Tuesday, August 18, 2009
Thursday, August 6, 2009
Wednesday, August 5, 2009
Sunday, August 2, 2009
description 12″ (30 cm). A large brownish woodpecker. Brown back with dark bars and spots; whitish or buff below with black spots; black crescent on breast; white rump, visible in flight. Eastern birds (”Yellow-shafted Flickers”) have red patch on nape and yellow wing linings; male has black mustache. Western birds (”Red-shafted Flickers”) lack nape patch and have salmon-pink wing linings; males have red “mustache.”
See Also BirdWebNo mustache on my flicker makes it female. Hopped into my feeder this week! This bird is crow sized, quite large
From Yelm Online
Prairie Conservation Ordinance Enacted
On Tuesday, July 28, the Thurston Board of County Commissioners enacted an interim regulation that helps conserve south Puget Sound’s last remaining oak woodland habitats and native prairies. Approximately three percent of south Puget Sound’s original native prairies (estimated to be about 150,000 acres) now remain.
The interim ordinance makes the county’s definition of prairies consistent with state and federal guidelines, requires that persons seeking to develop areas that may contain prairies identify the location of prairies, and, as necessary, develop Prairie Habitat Conservation plans to reduce development impacts to prairies.
Commissioners feel prompt action is necessary to prevent further degradation to this increasingly scarce resource. Prairies used to extend throughout Thurston County from Rochester up to an area just south of Tacoma. Some of the south Puget Sound’s most valuable remaining prairies are located in Thurston County.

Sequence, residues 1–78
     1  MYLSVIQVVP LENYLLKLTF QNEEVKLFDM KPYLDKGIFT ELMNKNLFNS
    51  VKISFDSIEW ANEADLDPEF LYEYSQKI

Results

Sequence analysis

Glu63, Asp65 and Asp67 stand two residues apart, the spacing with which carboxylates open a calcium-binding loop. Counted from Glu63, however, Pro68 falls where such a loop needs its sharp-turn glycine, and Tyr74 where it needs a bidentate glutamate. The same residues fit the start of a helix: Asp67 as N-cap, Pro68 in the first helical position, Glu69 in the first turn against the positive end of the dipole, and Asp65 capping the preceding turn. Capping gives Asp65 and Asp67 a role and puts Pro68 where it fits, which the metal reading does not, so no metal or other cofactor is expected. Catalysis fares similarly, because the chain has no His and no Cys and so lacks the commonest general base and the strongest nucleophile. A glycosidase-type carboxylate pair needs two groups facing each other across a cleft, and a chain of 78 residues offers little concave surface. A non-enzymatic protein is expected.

Prairie and oak habitats are home to endangered plants such as the golden paintbrush as well as threatened and endangered wildlife and insect species such as the Mazama pocket gopher, streaked horned lark and Taylor’s checkerspot butterfly.
These species as well as other prairie dependent species are found in only a small number of places in the world. In recent years, south Puget Sound prairies have become threatened due to development and the invasion of non-native plant species. A few of the larger prairies can be easily seen, such as the Mima Mounds and the Glacial Heritage Preserve, while others are scattered among forests, farms and houses.
For more information on the ordinance and on Thurston County prairies, contact Senior Planner Cynthia Wilson at 786-5475.